A Texas jury recently found Charter Communications liable for $7 billion in punitive damages relating to a 2019 case in which one of its technicians murdered an elderly woman in her home.
The Wall Street Journal reports that a Texas jury found Charter Communications liable for $7 billion in punitive damages this week after finding the cable company responsible for one of its employees who robbed and murdered an elderly customer in 2019.
83-year-old Betty Thomas was murdered by Roy Holden Jr., a cable technician for Charter. Holden performed a service call at Thomas’s home and returned the followed day where he stole credit cards from Thomas’s purse and stabbed her using a tool from his company toolbox.
Holden admitted to the crime in April 2021 and was sentenced to life in prison. Holden was off duty when he murdered Thomas but was wearing his Charter uniform and driving a company van. The jury awarded Thomas’s family $375 million in compensatory damages a few weeks ago, of which Charter is responsible for 90 percent. On Tuesday, the jury decided on the $7 billion in punitive damages.
Brian Kabateck, a California lawyer, commented: “It’s a breathtaking amount of punitive damage. I think the shelf life of this verdict is going to be very short.” Kabateck pointed to a previous Supreme Court ruling that founding punitive damages should not be more than a 10-times multiplier of compensatory damages.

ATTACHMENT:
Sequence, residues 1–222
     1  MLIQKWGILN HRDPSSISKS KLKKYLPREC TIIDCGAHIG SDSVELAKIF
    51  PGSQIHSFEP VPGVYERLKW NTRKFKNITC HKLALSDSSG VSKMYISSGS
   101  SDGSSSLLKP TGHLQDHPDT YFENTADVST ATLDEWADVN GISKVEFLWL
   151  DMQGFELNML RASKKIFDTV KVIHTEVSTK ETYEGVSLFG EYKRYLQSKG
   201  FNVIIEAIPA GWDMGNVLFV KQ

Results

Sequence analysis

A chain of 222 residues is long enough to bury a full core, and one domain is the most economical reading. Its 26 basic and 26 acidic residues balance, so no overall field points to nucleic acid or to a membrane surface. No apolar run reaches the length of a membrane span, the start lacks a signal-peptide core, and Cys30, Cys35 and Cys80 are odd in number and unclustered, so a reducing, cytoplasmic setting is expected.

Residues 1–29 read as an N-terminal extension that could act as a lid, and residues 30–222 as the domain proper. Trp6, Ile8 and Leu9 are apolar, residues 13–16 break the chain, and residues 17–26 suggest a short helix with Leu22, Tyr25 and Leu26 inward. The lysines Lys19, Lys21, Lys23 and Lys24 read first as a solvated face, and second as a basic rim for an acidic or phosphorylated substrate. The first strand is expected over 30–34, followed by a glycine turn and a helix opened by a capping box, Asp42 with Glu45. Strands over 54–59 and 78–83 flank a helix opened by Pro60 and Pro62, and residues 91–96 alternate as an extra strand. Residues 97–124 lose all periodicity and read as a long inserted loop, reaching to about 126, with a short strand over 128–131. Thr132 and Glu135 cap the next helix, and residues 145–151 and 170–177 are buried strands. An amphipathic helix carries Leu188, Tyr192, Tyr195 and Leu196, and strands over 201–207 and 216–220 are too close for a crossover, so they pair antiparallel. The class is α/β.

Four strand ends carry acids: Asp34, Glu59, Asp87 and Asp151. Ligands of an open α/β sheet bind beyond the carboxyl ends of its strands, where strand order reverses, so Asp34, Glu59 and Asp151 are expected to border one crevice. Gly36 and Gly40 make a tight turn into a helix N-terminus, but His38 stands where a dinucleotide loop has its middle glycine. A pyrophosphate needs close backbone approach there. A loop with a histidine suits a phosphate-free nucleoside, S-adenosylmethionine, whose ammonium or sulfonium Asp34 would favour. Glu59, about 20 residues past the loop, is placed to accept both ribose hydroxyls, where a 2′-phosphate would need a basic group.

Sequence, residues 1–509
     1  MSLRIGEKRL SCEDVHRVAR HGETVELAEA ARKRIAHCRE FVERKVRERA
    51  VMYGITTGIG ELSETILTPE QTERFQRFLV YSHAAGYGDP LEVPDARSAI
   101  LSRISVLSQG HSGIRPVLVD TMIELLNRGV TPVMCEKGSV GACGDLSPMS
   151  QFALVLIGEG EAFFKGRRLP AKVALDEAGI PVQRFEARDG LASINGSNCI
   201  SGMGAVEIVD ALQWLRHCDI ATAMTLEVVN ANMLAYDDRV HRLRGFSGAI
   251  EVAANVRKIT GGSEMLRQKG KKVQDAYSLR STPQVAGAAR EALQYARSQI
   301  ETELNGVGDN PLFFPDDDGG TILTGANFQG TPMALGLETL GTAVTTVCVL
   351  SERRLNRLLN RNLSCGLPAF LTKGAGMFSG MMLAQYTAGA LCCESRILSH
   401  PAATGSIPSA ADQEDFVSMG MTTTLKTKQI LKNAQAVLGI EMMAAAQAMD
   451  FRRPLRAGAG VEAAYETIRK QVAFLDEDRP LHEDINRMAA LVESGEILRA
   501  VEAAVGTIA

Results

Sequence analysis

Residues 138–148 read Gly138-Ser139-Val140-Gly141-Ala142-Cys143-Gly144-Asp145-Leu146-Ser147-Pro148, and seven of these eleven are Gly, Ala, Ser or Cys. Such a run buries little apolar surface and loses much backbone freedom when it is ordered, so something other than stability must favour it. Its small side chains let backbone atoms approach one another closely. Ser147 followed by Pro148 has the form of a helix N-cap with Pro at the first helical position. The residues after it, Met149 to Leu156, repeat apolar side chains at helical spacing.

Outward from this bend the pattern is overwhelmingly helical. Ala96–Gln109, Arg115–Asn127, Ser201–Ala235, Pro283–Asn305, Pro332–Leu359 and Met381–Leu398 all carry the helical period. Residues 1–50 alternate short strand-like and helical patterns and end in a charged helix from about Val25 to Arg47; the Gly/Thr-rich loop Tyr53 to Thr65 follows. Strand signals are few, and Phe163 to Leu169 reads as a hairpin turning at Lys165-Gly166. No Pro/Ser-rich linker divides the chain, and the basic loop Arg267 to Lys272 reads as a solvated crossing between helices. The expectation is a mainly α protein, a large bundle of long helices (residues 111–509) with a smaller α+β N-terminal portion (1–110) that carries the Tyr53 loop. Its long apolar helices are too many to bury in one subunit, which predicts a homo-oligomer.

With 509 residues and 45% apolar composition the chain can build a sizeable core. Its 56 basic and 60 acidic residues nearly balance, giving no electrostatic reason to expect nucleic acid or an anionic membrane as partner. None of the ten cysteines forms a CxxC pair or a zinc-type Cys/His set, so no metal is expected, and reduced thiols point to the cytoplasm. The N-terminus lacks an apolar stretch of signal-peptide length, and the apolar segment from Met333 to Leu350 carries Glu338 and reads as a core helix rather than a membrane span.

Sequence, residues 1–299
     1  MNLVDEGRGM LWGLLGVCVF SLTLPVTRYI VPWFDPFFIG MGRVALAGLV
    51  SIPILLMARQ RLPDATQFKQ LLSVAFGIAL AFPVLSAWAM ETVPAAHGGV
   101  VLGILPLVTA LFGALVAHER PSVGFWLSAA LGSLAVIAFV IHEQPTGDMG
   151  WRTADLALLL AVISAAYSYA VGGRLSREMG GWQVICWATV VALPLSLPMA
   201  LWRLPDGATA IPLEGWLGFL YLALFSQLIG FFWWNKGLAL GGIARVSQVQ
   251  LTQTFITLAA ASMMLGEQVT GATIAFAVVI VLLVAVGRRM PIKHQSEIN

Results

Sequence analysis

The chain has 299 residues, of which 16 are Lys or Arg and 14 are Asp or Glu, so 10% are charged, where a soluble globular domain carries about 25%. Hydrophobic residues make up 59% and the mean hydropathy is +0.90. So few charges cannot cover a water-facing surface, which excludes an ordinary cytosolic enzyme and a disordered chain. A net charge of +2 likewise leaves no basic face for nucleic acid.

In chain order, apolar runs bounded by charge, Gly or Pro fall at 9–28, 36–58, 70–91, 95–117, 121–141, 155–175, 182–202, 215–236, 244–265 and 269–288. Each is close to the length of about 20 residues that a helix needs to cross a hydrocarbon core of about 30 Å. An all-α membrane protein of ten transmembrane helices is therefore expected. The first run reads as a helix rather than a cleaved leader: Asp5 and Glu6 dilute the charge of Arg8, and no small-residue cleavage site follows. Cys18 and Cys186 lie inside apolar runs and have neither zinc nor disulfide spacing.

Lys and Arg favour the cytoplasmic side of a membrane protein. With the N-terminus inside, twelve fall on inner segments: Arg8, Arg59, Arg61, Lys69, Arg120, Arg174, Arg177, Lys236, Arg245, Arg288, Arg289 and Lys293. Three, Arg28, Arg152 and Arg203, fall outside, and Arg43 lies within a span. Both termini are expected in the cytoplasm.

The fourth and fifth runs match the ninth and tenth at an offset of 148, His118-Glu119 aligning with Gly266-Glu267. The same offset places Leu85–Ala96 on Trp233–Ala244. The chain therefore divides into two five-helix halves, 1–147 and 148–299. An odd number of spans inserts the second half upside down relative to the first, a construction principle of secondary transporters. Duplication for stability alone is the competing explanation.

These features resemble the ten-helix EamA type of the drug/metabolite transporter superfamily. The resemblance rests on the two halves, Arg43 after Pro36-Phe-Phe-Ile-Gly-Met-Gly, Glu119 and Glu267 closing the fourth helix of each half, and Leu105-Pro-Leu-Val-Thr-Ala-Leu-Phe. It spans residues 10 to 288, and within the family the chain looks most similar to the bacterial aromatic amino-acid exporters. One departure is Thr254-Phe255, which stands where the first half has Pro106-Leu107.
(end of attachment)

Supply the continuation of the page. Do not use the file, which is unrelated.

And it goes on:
“Oftentimes in punitive damages cases, judges are the 13th juror because they have the discretion to completely affirm a verdict or throw it out entirely. I would suspect this judge would probably take a very dim view of the size of this verdict and probably cut it down,” he said.
W. Mark Lanier, a Texas civil-trial lawyer, commented: “Punitive damages like that are never paid—they’re always reduced. They’re a message of how frustrated the jury was with egregious facts.”
A Charter spokesperson commented: “Our hearts go out to Mrs. Thomas’s family in the wake of this senseless and tragic crime. The responsibility for this horrible act rests solely with Mr. Holden, who wasn’t on duty, and we are grateful he is in prison for life. While we respect the jury and the justice system, we strongly disagree with the verdict and will appeal.”
Chris Hamilton, a Hamilton Wingo LLP lawyer who is representing the family of Thomas, claims that there is overwhelming evidence that showed Charter’s negligence that led to the crime and that Holden had raised many red flags in days leading up to the crime.
The Charter spokesperson commented: “The plaintiff’s claims of wrongdoing by Charter are categorically false.” The spokesperson added that the company performed a thorough pre-employment criminal background check on Holden, and that it “showed no arrests, convictions or other criminal behavior. Nor did anything in Mr. Holden’s performance after he was hired suggest he was capable of the crime he committed.”
Read more at the Wall Street Journal here.
Lucas Nolan is a reporter for Breitbart News covering issues of free speech and online censorship. Follow him on Twitter @LucasNolan